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Henry Wadsworth Longfellow, ed. Poems of Places: An Anthology in 31 Volumes.
Germany: Vols. XVII–XVIII. 1876–79.


The Field of Kunersdorf

By Christoph August Tiedge (1752–1841)

Translated by J. C. Mangan

DAY is exiled from the Land of Twilight;

Leaf and flower are drooping in the wood,

And the stars, as in a dark-stained skylight,

Glass their ancient glory in the flood.

Let me here—where night-winds through the yew sing,

Where the moon is chary of her beams—

Consecrate an hour to mournful musing

Over man and man’s delirious dreams.

Pines and yews! envelop me in deeper,

Dunner shadow, sombre as the grave;

While with moans, as of a troubled sleeper,

Gloomily above my head ye wave.

Let mine eye look down from hence on yonder

Battle-plain, which night in pity dulls;

Let my sad imagination ponder

Over Kunersdorf, that place of skulls!

Dost thou reillume these wastes, O Summer?

Hast thou raised anew thy trampled bowers?

Will the wild bee come again a hummer

Here, within the houses of thy flowers?

Can thy sunbeams light, thy wild rains water,

This Aceldama, this human soil,

Since that dark day of redundant slaughter,

When the blood of men flowed here like oil?

Ah, yes! Nature, and thou, God of Nature,

Ye are ever bounteous! man alone,—

Man it is whose frenzies desolate your

World, and make it in sad truth his own.

Here saw Frederick fall his bravest warriors;

Master of thy world, thou wert too great!

Heaven had need to ’stablish curbing-barriers

’Gainst thine inroads on the world of fate.

O, could all thy coronals of splendor

Dupe thy memory of that ghastly day!

Could the Graces, could the Muses, render

Smooth and bright a corse-o’ercovered way!

No! the accusing blood-beads ever trickle

Down each red leaf of thy chaplet-crown:

Men fell here as corn before the sickle,—

Fell to aggrandize thy false renown!

Here the veteran dropped beside the springald,

Here sank strength, and symmetry in line,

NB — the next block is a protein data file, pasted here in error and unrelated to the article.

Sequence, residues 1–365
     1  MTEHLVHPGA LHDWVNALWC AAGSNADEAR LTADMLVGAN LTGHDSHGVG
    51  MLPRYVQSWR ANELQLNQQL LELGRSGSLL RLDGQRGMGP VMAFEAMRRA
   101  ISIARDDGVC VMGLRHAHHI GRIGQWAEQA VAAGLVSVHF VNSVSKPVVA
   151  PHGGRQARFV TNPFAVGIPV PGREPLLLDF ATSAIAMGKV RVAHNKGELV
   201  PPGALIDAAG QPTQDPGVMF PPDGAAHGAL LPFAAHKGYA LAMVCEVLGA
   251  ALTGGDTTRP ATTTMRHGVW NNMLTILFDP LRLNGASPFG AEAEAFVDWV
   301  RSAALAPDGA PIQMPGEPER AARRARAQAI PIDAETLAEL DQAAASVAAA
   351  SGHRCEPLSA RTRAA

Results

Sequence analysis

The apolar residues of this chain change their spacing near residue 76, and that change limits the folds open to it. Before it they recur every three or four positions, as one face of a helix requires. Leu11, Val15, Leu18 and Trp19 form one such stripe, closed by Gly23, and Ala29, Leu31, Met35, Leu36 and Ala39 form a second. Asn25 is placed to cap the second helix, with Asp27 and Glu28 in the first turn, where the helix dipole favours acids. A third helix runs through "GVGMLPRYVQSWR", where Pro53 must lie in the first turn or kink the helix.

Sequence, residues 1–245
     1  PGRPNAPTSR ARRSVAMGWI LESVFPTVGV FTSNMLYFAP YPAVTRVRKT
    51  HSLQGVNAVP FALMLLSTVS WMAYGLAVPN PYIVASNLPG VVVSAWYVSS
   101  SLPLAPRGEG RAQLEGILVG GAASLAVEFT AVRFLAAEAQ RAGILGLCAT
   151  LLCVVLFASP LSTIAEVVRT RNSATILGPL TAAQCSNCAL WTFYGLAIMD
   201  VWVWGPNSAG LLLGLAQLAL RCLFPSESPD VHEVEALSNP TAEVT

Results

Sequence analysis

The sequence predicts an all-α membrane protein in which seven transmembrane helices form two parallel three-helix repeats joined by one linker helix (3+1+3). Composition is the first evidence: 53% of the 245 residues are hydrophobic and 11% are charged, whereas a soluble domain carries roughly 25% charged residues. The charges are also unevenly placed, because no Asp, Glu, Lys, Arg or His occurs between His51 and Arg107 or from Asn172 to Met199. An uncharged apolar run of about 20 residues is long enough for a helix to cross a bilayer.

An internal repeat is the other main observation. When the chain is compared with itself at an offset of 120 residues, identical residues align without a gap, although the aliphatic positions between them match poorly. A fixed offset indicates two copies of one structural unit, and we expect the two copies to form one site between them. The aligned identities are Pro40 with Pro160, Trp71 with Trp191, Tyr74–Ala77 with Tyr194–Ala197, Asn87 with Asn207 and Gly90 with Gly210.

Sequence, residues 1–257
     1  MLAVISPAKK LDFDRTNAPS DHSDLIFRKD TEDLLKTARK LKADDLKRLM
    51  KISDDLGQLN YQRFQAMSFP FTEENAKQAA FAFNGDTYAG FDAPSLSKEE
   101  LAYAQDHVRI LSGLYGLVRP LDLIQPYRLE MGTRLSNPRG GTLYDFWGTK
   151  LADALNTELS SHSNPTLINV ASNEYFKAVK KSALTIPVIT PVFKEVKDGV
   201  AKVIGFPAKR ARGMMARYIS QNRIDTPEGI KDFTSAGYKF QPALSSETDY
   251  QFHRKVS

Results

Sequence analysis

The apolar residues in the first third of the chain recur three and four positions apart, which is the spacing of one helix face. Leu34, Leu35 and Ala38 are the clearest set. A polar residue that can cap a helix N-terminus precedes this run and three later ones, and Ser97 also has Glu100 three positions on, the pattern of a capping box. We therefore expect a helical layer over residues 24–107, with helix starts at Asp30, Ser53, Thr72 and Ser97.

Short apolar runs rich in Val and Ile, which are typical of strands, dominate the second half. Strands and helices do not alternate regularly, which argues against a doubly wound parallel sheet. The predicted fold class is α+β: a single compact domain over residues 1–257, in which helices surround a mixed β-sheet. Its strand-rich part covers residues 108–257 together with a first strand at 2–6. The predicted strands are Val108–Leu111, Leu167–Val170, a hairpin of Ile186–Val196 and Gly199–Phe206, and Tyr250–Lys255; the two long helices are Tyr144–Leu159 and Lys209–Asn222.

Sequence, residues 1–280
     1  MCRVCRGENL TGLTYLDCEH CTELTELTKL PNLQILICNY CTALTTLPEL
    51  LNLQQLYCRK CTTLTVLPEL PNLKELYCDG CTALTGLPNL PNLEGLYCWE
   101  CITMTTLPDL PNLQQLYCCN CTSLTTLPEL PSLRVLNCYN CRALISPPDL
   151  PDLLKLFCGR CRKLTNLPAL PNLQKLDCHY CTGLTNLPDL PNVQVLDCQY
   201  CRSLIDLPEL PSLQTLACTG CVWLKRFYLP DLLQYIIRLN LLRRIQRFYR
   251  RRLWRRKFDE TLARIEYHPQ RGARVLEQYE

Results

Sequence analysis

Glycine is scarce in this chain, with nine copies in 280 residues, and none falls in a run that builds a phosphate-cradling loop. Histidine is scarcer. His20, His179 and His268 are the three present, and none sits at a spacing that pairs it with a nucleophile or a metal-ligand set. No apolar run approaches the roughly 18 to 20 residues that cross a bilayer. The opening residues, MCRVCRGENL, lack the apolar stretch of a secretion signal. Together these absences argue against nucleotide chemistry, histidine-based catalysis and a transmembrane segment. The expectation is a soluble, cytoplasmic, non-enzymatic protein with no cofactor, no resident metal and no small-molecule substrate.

Here crushed hope and gasping valor mingled;

And, destroyer, the wild work was thine!

Whence is then this destiny funereal?

What this tide of being’s flow and ebb?

Why rends death at will the fine material

Of existence’s divinest web?

Vainly ask me! Dim age calls to dim age!

Answer, save an echo, cometh none:

Here stands man, of life in death an image,

There, invisibly, the Living One!

Storm-clouds lower and muster in the distance;

Girt with wrecks by sea and wrecks by land,

Time, upon the far shore of existence,

Counts each wave-drop swallowed by the sand.

Generation chases generation,

Down-bowed by the all-worn, unworn yoke:

No cessation, and no explication,—

Birth, life, death!—the silence, flash, and smoke!

Here, then, Frederick, formidable sovereign!

Here, in presence of these whitened bones,

Live as at length to cherish peace, and govern

So that men may learn to reverence thrones!

O, repudiate blood-bought fame, and hearken

To the myriad witness-voiced dead,

Ere the sternness shall lay down, to darken,

In the silentness, thy crownless head!

Shudder at the dire phantasmagory

Of the slain who perished here through thee;

And abhor all future wreaths of glory

Gathered from the baleful cypress-tree!

Lofty souls disdain or dread the laurel;

Hero is a mad exchange for man;

Adders lurk in green spots: such the moral

Taught by history since her schools began.

Cæsar slain, the victim of his trophies,

Bajazet expiring in his cage,

All the Cæsars, all the Sabre-Sophies,

Preach the selfsame homily each age.

One drugged wine-cup dealt with Alexander;

And his satraps scarce had shared afresh

Half the empires of the world-commander,

Ere the charnel-worms had shared his flesh!

Though the rill roll down from life’s green mountain

Bright through festal dells of youthful days,

Soon the water of that glancing fountain

In the vale of years must moult its rays.

There the pilgrim on the bridge that, bounding

Life’s domain, frontiers the wold of death,

Startled for the first time, hears resounding,

From eternity, a voice that saith,—

“All which is not pure shall melt and wither.

Lo! the desolator’s arm is bare,

And where man is, truth shall trace him thither,

Be he curtained round with gloom or glare.”